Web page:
An Erratum to this article was published on 09 November 2016
Autologous mesenchymal stem cell (MSC) injection into naturally-occurring equine tendon injuries has been shown to be safe and efficacious and protocols inform translation of the technique into humans. Efficient transfer of cells from the laboratory into tissue requires well-validated transport and implantation techniques.
Cell viability in a range of media was determined over 72 hours and after injection through a 19G, 21G or 23G needle. Viability, proliferation and apoptosis were analysed using TrypanBlue, alamarBlue® and AnnexinV assays.
Cell viability was similar in all re-suspension media following 24 hour storage, however cell death was most rapid in bone marrow aspirate, platelet-rich plasma and serum after longer storage. Cryogenic media exhibited greatest viability regardless of storage time. Cell proliferation after 24 and 72 hour storage was similar for all media, except after 24 hours in serum wherein proliferation was enhanced. MSC tri-lineage differentiation and viability did not significantly change when extruded through 19G, 21G or 23G needles, but 21G and 23G needles significantly increased apoptotic cells compared to 19G and non-injected controls. All gauges induced a decrease in metabolic activity immediately post-injection but cells recovered by 2 hours.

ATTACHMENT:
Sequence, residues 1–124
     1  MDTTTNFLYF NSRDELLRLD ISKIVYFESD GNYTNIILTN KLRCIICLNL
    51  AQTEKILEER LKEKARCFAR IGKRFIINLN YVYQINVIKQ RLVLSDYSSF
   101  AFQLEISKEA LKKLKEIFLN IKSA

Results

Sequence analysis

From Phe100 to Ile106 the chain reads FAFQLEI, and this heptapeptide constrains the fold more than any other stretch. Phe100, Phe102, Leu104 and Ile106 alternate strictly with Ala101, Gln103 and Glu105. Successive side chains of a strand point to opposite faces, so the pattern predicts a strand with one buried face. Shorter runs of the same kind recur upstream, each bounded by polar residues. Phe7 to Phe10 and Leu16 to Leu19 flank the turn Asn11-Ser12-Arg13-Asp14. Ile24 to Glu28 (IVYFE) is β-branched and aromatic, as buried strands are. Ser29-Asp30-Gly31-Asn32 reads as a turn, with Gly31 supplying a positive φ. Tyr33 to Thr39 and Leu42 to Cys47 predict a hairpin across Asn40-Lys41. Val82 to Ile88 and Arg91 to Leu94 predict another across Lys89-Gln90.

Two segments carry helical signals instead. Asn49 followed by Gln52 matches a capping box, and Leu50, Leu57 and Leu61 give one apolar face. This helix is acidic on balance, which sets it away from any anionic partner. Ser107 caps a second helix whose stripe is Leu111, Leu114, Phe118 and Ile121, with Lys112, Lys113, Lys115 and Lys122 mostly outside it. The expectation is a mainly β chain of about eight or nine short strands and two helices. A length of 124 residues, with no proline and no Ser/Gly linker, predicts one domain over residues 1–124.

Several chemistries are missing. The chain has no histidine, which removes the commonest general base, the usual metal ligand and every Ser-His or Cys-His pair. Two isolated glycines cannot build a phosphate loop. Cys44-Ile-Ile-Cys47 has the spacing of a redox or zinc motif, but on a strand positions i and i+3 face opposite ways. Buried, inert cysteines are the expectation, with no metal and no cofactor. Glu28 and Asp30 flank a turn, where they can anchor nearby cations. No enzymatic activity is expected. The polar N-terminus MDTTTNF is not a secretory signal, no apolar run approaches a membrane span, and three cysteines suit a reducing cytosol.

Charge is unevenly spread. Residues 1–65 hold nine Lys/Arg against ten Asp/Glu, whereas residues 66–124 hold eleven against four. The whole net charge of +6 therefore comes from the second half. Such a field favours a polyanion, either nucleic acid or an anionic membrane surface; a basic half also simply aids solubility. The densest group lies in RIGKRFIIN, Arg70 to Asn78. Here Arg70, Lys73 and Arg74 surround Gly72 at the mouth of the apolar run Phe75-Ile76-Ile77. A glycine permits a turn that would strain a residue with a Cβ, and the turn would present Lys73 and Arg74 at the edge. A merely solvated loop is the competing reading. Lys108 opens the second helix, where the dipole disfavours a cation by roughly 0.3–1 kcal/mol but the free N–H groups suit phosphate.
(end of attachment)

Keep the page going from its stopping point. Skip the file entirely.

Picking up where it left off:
These data indicate storage and injection influence viability and subsequent cell behaviour and provide recommendations for MSC therapy that implantation of cells should occur within 24 hours of recovery from culture, using larger needle bores.
The use of autologous mesenchymal stem cells (MSCs) derived from bone marrow to enhance tendon lesion repair is supported by a growing body of evidence from both experimental and clinical studies [1–5]. In the tendon, influx of a local subpopulation of precursor cells is believed to provide intrinsic post-injury repair . However, these cells appear to be largely derived from peri-tendinous origins such as the paratenon  and result in fibrous repair with mechanical, structural and compositional differences from normal tendon. In an attempt to modify the repair towards regeneration, enhancing the small numbers of endogenous MSCs by implantation of large numbers of autologous, culture-expanded MSCs derived from donor tissue such as bone marrow, has been proposed. This hypothesis has been supported by positive results in experimental laboratory animal models of Achilles and patellar tendon injury [4, 5]. However, many laboratory animal models of induced injury have limited relevance to the human disease .